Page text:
What is 3M(Muda,Mura,Muri) Model in lean manufacturing

What is 3M(Muda,Mura,Muri) Model in lean manufacturing

In lean manufacturing, the 3M Model refers to Muda, Mura, and Muri, which are three Japanese terms used to categorize and eliminate waste within a production process. Let’s explore each of these concepts with examples:

  1. Muda (Waste):
    • Overproduction: Producing more than what is required by the customer or ahead of demand, leading to excess inventory. For example, manufacturing products in large batches without considering actual customer demand.
    • Waiting: Idle time spent by workers or equipment due to delays in the production process. For example, waiting for materials or instructions to proceed with the next step in manufacturing.
    • Transportation: Unnecessary movement of materials or products between workstations, storage areas, or facilities. For example, excessive handling or transporting of components between different production stages.
    • Over-processing: Performing more work than necessary to meet customer requirements, leading to increased costs and complexity. For example, using higher-grade materials or precision machining when simpler methods would suffice.
    • Inventory: Excess inventory beyond what is required for immediate production or customer demand, tying up capital and storage space. For example, maintaining large stockpiles of finished goods that may become obsolete or deteriorate over time.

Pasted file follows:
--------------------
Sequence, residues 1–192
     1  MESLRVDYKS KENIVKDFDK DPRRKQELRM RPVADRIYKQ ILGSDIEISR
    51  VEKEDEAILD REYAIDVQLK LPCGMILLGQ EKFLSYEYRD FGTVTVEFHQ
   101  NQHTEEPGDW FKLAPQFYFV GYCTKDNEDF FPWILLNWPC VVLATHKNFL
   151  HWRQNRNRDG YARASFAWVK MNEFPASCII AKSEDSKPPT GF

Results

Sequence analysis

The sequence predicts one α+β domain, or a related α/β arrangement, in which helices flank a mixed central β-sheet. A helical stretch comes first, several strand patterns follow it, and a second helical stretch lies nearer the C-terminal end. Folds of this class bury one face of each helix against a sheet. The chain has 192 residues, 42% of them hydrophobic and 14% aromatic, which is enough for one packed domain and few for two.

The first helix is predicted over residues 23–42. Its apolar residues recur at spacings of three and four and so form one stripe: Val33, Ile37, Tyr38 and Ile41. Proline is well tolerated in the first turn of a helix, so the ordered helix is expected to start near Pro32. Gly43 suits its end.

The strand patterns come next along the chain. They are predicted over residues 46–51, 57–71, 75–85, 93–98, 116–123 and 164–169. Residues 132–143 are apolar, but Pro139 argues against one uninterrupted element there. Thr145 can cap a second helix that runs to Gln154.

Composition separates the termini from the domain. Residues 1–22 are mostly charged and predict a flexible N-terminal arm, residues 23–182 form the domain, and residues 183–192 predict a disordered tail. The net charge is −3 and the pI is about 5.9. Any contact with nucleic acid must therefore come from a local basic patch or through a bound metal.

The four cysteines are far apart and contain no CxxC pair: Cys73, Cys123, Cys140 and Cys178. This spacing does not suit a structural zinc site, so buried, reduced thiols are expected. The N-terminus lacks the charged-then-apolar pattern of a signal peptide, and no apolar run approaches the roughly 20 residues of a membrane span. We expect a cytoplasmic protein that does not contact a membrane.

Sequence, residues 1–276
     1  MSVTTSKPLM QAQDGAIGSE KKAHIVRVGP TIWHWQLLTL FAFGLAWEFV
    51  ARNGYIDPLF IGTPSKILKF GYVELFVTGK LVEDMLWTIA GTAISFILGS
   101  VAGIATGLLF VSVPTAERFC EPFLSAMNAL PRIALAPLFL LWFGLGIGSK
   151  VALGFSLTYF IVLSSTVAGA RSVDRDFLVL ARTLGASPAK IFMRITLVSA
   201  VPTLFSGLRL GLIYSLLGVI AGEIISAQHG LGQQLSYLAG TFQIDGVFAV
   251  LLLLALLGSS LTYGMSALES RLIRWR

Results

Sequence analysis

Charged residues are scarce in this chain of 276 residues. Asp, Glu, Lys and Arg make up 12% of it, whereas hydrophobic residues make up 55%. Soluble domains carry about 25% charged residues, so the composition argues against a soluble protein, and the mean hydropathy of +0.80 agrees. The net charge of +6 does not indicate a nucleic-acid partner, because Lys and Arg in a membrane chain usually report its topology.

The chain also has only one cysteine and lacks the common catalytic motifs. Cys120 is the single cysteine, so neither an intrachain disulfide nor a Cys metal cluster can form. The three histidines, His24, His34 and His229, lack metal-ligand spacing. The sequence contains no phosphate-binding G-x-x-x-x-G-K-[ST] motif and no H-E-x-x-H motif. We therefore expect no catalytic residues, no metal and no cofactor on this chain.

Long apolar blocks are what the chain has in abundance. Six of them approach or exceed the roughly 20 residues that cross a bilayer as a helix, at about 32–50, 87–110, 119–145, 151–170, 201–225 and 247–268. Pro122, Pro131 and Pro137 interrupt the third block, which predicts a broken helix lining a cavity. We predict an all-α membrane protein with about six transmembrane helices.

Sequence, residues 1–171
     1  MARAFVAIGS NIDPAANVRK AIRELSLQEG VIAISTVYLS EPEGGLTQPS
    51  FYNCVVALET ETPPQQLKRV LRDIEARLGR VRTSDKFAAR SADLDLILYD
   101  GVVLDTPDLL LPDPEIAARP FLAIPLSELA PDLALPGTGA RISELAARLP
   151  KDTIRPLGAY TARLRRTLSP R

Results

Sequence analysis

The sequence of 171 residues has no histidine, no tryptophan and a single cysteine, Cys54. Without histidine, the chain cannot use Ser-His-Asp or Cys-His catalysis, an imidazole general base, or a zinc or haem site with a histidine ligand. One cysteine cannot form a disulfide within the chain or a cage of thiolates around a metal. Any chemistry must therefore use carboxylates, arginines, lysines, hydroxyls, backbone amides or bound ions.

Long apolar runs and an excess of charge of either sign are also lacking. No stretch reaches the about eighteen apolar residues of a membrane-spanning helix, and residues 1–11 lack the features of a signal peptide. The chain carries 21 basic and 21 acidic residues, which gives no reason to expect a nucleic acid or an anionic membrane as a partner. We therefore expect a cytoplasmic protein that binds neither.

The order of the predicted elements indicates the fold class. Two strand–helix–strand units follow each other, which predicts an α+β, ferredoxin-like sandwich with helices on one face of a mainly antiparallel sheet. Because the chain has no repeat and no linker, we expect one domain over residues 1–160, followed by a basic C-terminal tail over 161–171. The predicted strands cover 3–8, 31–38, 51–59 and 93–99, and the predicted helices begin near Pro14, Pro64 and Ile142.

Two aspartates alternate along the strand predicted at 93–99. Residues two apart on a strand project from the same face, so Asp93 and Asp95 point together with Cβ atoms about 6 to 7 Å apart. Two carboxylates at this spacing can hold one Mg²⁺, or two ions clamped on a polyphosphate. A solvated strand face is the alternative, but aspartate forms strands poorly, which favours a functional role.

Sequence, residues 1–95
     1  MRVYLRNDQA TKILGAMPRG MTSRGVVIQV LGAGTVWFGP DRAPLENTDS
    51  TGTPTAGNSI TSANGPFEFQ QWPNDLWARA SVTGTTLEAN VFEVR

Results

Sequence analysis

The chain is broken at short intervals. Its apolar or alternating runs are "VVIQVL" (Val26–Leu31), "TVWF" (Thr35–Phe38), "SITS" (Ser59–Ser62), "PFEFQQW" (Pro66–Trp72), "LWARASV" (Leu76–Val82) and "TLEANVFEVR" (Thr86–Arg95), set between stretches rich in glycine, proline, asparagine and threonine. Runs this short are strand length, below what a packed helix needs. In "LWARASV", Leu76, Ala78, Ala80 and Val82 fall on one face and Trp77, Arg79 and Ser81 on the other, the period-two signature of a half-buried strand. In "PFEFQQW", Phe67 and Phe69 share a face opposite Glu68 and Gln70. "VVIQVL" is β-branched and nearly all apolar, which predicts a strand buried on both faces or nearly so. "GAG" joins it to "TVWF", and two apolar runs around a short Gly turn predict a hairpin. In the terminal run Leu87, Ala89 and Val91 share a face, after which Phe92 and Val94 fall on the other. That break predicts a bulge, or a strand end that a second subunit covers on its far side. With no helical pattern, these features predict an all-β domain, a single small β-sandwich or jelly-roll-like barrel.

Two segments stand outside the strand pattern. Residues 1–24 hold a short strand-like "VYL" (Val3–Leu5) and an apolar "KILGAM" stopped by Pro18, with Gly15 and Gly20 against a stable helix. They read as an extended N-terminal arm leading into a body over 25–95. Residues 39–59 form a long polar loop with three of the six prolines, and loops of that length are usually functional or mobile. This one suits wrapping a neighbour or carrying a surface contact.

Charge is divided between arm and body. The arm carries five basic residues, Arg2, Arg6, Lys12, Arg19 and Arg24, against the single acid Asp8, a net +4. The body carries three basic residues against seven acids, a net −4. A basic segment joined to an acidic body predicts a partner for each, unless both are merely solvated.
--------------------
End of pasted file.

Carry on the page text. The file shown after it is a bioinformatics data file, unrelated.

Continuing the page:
• Motion: Unnecessary movement or motion by workers or equipment that does not contribute to value-added activities. For example, excessive walking or reaching to access tools or components.
  2. Mura (Unevenness):
    • Fluctuating Demand: Variability in customer demand or order patterns, leading to uneven production schedules and resource utilization. For example, experiencing spikes or lulls in customer orders that disrupt production flow.
    • Uneven Workload: Imbalance in workloads between different workstations or production processes, causing bottlenecks or underutilization of resources. For example, some workstations may be overburdened while others remain idle.
    • Unstable Processes: Inconsistencies or disruptions in production processes, resulting in quality issues, rework, or delays. For example, variations in machine performance or material quality affecting product consistency.
  3. Muri (Overburden):
    • Excessive Labor: Overworking employees beyond their capacity, leading to fatigue, errors, and reduced productivity. For example, expecting workers to meet unrealistic production targets without adequate breaks or support.
    • Equipment Strain: Subjecting machinery or equipment to excessive stress or usage, increasing the risk of breakdowns or maintenance issues. For example, running machines at maximum capacity for prolonged periods without proper maintenance or downtime.
    • Inefficient Layout: Poorly designed workspaces or layouts that create unnecessary strain on workers or equipment. For example, placing frequently used tools or materials too far from workstations, requiring excessive reaching or movement.

By identifying and addressing these forms of waste, unevenness, and overburden, lean manufacturing aims to streamline processes, improve efficiency, reduce costs, and enhance overall productivity and quality.


About user

Milind patel is an experienced practitioner and thought leader in the field of Business Process Management (CI) and 0.4 lean application. He co-founded Pro lean academy, a consulting company focusing on performance improvements and appropriate digitalization application in manufacturing process